The developer behind a 2-year-old plan to redevelop a dormant Petersburg hotel has filed a response to a lawsuit from a Richmond architecture firm seeking compensation for work it says it is owed.
In its response filed Sept. 8 in Richmond Circuit Court, Maryland-based C.A. Harrison Cos. – the developer on a planned conversion of the nine-story former Ramada Inn along Interstate 95 – disputes claims from a lawsuit by Shockoe Slip firm Commonwealth Architects that it is owed upwards of $150,000 for services related to the project.
Harrison contends a services proposal between the parties is not a valid and enforceable contract and that Commonwealth did not properly bill for its services. The developer further alleges the services spelled out in Commonwealth’s lawsuit were not completed and that the firm is not owed any money.
The response requests a jury trial and the dismissal of one of Commonwealth’s claims seeking compensation of $155,000, described in the suit as the “reasonable value” of its services plus interest and legal costs.
In its lawsuit filed July 27, Commonwealth alleged breach of contract against Harrison, which announced in late 2015 a plan to redevelop the property into a 125-room hotel, 100 apartments and more than 20,000 square feet of retail space in five additional or renovated buildings lining Washington and Wythe streets, just west of I-95.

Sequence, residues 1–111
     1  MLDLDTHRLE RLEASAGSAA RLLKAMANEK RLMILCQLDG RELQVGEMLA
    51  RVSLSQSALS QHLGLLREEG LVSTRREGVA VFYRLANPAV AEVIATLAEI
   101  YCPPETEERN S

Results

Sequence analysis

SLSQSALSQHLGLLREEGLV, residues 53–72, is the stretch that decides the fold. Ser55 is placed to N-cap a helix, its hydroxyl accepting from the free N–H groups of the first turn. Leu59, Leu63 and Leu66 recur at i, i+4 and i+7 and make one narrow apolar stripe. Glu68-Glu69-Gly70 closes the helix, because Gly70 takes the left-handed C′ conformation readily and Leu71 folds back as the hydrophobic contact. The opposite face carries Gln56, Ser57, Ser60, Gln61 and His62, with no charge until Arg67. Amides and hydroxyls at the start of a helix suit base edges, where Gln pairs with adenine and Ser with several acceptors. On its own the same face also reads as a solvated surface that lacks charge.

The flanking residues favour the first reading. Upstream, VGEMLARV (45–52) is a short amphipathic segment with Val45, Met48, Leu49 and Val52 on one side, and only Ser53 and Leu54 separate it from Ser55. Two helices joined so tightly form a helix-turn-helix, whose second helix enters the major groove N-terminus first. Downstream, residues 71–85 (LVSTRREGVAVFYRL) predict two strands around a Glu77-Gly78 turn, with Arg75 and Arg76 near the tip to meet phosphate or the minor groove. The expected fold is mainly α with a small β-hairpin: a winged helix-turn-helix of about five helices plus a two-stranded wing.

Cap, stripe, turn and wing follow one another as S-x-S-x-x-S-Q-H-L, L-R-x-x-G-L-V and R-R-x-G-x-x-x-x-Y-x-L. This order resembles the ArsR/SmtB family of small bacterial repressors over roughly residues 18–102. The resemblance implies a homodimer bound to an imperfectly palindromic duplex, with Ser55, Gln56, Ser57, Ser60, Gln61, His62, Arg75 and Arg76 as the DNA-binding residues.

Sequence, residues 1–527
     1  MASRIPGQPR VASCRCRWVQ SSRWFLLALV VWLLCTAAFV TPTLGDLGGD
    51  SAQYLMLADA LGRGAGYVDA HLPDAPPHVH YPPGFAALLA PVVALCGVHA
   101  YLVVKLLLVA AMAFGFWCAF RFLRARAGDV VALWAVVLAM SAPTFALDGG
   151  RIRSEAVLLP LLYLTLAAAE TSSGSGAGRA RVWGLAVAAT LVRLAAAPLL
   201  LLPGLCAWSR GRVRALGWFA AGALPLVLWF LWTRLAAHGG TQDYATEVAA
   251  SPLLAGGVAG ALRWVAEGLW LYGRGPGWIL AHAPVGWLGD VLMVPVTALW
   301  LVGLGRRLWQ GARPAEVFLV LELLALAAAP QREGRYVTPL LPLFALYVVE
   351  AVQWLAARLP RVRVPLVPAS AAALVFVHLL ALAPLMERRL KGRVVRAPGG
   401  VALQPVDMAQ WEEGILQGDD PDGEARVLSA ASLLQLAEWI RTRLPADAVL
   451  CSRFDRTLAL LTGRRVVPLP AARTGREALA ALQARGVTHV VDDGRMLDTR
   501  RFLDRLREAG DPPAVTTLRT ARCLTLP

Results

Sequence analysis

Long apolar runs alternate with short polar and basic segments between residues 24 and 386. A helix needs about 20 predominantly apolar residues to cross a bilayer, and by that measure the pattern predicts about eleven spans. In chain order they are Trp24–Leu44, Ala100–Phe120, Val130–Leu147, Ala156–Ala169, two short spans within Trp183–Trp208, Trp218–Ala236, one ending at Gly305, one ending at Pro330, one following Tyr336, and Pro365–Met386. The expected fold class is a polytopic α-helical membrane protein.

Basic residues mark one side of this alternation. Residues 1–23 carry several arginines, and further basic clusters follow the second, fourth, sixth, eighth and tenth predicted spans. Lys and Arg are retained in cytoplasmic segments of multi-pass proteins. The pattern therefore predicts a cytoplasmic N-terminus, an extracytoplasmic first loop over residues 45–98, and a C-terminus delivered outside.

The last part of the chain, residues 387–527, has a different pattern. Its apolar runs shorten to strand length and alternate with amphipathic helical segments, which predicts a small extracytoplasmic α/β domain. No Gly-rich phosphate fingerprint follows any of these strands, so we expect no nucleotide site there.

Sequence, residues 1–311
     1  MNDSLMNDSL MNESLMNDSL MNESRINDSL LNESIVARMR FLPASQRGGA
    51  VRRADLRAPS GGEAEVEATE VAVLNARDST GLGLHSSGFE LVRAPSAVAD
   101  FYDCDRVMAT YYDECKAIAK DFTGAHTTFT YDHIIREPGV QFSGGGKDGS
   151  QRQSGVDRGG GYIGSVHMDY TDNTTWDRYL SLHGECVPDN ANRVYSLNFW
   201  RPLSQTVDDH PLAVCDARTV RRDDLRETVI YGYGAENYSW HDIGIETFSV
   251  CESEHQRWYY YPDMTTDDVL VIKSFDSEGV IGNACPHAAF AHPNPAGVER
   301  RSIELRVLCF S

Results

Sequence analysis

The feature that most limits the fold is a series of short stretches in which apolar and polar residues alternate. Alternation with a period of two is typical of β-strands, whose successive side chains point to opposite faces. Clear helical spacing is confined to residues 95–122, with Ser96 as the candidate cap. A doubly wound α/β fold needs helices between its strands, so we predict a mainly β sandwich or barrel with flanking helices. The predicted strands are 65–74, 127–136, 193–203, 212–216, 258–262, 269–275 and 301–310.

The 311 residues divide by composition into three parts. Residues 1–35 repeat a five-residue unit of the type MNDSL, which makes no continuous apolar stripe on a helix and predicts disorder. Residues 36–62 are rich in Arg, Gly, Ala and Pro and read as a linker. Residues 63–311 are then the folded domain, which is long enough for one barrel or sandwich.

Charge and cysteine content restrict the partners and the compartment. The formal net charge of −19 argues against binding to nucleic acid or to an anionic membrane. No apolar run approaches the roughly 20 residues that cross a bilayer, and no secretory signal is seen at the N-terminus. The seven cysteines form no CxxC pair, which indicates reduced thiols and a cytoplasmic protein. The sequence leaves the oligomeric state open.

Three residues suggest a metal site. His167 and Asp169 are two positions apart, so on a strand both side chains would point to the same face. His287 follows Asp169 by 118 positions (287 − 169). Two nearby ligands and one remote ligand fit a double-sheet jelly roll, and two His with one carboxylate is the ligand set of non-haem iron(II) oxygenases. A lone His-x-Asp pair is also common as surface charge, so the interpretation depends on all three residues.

The existing 125,000-square-foot hotel building would be turned into a Cambria Hotel & Suites brand and resized, with the top two floors removed and additions to each side to make the 1973 building consistent with industry standards.
The project was estimated to cost between $20 million and $25 million.
Commonwealth, which had worked with Harrison before on an apartment project in North Carolina, had drawn up plans for the Petersburg project based on a proposal to provide conceptual analysis services. Its lawsuit states Harrison accepted and signed an amended proposal for those services, and it includes that signed document as an exhibit.
Harrison’s response states the document is not a valid contract and alleges there is no “properly executed, binding or enforceable written contract between the parties.”
Harrison is represented by R. Webb Moore and Jaime Wisegarver of Shockoe Bottom-based Hirschler Fleischer. Calls to Moore and Wisegarver for comment were not returned Friday.
Commonwealth is represented by Durrette Crump attorney S. Sadiq Gill. He previously told BizSense his client did perform services that warrant compensation.